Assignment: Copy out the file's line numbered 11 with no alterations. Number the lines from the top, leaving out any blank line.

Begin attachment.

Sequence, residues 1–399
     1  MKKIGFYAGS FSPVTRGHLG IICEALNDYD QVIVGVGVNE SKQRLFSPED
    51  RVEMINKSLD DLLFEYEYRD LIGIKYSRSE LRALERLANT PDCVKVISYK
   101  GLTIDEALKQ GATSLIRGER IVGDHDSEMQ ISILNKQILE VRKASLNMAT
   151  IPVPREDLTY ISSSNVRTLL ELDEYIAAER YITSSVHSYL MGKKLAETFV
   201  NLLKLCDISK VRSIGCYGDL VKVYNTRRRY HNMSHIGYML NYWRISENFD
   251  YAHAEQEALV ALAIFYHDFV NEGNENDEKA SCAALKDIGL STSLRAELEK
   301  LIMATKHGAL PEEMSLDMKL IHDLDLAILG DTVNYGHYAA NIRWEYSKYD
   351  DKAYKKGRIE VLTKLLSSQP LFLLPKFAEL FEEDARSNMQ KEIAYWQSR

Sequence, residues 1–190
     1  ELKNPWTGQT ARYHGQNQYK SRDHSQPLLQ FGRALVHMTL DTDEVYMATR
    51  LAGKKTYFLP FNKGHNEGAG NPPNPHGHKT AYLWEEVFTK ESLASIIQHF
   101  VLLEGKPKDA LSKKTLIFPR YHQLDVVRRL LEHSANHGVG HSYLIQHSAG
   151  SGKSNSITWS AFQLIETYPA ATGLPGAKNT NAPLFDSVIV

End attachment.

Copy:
     1  ELKNPWTGQT ARYHGQNQYK SRDHSQPLLQ FGRALVHMTL DTDEVYMATR